his is one of those murder mysteries where revelations are always in italics (e.g. “Gray areas didn’t even exist for Gus Salvo,” “I’m just feeling manipulated.”) Unger’s first novel concerns child trafficking, parental responsibility, and how mature adults don’t necessarily know who they really are.
Ridley Jones (named after director Ridley Scott) is a 30-something New York freelancer who discovers that her loving suburban parents might not be her real ones. This sends her on a frantic quest through lies to find her true identity. Love and violence ensue. Ridley is tough but cries a lot; good and bad men say they’re very sorry, or not.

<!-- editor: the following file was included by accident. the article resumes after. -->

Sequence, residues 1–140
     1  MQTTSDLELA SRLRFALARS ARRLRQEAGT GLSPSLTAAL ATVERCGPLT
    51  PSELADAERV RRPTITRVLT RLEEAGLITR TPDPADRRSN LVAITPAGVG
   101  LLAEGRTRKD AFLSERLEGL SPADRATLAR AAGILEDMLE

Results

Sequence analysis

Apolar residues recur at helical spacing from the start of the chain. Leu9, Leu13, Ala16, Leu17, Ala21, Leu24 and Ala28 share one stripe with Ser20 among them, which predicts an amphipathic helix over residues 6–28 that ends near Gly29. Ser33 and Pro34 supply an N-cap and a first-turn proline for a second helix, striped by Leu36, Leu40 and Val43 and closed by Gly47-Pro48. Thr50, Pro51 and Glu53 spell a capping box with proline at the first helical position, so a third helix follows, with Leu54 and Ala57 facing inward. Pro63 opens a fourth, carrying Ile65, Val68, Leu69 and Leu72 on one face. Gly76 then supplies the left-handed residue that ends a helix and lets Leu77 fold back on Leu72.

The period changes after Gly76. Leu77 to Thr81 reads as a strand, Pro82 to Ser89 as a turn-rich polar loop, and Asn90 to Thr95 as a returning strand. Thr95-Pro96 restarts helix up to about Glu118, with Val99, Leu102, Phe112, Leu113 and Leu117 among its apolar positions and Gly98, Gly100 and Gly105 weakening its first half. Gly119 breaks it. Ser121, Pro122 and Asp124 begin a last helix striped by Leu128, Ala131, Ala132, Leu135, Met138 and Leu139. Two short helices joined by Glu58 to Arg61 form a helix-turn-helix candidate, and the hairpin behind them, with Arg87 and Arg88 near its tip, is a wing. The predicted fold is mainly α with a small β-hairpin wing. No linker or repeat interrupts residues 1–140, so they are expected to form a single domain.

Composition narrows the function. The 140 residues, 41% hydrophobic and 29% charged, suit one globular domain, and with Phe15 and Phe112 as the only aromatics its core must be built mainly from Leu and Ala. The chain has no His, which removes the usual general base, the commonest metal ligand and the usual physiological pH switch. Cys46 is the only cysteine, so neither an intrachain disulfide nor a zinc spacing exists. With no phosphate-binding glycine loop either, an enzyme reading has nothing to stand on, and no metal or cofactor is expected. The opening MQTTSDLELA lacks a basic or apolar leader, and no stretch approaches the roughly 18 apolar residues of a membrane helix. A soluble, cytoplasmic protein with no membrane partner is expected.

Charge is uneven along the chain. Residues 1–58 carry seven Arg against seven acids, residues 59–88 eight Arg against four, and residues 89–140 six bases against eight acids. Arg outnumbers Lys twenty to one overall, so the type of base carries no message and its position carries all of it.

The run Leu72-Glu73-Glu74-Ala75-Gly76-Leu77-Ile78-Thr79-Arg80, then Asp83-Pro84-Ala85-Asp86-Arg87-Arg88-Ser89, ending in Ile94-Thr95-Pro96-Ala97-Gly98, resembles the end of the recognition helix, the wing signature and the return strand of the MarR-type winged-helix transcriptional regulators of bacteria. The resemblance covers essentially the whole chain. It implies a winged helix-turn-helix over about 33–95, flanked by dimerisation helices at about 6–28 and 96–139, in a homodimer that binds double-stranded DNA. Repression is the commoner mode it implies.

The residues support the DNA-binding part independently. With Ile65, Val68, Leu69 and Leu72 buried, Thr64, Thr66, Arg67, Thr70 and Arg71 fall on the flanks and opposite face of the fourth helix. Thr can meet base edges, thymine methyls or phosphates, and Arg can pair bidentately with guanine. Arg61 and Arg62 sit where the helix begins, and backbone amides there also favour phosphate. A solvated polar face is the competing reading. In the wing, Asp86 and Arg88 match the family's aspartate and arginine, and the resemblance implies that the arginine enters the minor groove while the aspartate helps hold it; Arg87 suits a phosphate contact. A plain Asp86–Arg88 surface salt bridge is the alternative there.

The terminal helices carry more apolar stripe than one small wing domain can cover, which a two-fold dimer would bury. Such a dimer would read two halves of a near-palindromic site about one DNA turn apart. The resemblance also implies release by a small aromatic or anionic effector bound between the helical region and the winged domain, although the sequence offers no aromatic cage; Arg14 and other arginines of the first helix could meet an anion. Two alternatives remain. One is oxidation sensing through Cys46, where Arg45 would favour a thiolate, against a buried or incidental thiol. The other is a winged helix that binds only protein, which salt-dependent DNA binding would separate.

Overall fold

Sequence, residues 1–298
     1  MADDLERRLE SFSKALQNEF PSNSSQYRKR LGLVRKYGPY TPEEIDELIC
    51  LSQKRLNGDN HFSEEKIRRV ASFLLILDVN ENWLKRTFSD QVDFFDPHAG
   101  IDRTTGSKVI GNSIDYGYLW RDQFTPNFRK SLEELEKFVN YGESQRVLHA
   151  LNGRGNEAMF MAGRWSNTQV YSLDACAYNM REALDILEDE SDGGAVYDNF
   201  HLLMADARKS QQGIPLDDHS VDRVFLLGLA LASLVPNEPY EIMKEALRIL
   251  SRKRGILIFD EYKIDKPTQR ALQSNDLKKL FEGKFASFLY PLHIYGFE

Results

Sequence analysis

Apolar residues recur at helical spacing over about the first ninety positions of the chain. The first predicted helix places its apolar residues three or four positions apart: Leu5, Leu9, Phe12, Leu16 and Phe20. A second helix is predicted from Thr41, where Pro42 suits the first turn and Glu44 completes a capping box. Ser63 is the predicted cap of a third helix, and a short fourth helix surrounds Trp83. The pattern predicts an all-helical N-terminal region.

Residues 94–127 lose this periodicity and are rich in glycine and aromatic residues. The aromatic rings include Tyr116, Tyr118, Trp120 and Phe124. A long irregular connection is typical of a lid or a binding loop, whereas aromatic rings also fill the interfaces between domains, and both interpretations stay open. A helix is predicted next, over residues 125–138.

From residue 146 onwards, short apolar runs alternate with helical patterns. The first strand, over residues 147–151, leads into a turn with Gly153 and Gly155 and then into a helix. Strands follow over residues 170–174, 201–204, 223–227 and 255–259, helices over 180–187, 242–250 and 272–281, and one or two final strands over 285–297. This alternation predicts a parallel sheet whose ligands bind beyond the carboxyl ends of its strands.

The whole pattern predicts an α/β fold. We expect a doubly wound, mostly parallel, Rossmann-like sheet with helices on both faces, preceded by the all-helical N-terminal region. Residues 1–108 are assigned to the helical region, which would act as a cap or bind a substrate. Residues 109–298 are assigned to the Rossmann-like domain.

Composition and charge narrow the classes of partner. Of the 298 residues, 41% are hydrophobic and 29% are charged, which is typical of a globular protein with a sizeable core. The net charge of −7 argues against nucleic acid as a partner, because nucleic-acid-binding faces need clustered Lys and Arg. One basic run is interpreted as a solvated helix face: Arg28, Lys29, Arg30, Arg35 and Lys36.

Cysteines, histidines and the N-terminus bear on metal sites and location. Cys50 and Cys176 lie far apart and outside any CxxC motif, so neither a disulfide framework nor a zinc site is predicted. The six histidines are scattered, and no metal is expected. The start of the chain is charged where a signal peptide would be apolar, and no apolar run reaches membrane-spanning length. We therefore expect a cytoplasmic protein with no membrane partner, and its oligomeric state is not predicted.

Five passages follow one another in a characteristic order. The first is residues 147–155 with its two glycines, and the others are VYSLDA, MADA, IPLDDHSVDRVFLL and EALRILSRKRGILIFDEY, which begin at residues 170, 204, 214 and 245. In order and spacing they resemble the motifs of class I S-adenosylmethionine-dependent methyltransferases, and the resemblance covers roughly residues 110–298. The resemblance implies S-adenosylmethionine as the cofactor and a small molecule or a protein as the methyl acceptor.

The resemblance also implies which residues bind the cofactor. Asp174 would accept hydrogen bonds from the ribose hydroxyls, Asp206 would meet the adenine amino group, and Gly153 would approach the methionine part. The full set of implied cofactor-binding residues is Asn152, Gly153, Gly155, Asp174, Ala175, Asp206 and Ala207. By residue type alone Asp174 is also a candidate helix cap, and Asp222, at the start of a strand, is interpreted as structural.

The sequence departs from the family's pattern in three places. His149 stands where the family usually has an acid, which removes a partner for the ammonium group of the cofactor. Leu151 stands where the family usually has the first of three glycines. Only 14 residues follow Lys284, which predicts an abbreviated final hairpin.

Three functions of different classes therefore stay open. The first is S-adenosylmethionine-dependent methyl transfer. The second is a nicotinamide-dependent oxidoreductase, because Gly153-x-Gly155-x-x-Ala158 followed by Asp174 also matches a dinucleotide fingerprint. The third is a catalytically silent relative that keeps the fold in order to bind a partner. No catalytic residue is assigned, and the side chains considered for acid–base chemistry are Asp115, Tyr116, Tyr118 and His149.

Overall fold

Too often, Unger resorts to rhetorical questions to make ”cellular” contact with readers — “We’re all so lost, aren’t we?” “The New York city subway system is pretty mythic, don’t you agree?” Totally. She also loves pop psychology and moralizing — “Loneliness is a condition, an illness,” “In life, there are only good and bad choices.” Unger’s maudlin bestseller is at best transatlantic reading. But hey, someone’s got to distract you from exploding gel caps.